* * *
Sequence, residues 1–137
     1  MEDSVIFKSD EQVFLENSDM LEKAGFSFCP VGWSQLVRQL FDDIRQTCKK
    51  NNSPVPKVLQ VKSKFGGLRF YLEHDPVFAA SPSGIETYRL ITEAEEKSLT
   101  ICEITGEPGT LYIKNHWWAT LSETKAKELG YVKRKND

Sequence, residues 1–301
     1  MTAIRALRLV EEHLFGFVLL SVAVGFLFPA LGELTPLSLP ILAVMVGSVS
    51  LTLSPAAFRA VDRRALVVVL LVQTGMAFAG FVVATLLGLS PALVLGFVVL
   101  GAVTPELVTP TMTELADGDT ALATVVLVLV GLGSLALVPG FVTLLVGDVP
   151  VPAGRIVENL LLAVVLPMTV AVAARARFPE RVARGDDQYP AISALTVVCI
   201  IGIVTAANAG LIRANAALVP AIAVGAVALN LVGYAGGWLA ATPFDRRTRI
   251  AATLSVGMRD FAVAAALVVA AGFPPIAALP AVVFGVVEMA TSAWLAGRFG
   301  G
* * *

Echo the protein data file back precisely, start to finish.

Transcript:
Sequence, residues 1–137
     1  MEDSVIFKSD EQVFLENSDM LEKAGFSFCP VGWSQLVRQL FDDIRQTCKK
    51  NNSPVPKVLQ VKSKFGGLRF YLEHDPVFAA SPSGIETYRL ITEAEEKSLT
   101  ICEITGEPGT LYIKNHWWAT LSETKAKELG YVKRKND

Sequence, residues 1–301
     1  MTAIRALRLV EEHLFGFVLL SVAVGFLFPA LGELTPLSLP ILAVMVGSVS
    51  LTLSPAAFRA VDRRALVVVL LVQTGMAFAG FVVATLLGLS PALVLGFVVL
   101  GAVTPELVTP TMTELADGDT ALATVVLVLV GLGSLALVPG FVTLLVGDVP
   151  VPAGRIVENL LLAVVLPMTV AVAARARFPE RVARGDDQYP AISALTVVCI
   201  IGIVTAANAG LIRANAALVP AIAVGAVALN LVGYAGGWLA ATPFDRRTRI
   251  AATLSVGMRD FAVAAALVVA AGFPPIAALP AVVFGVVEMA TSAWLAGRFG
   301  G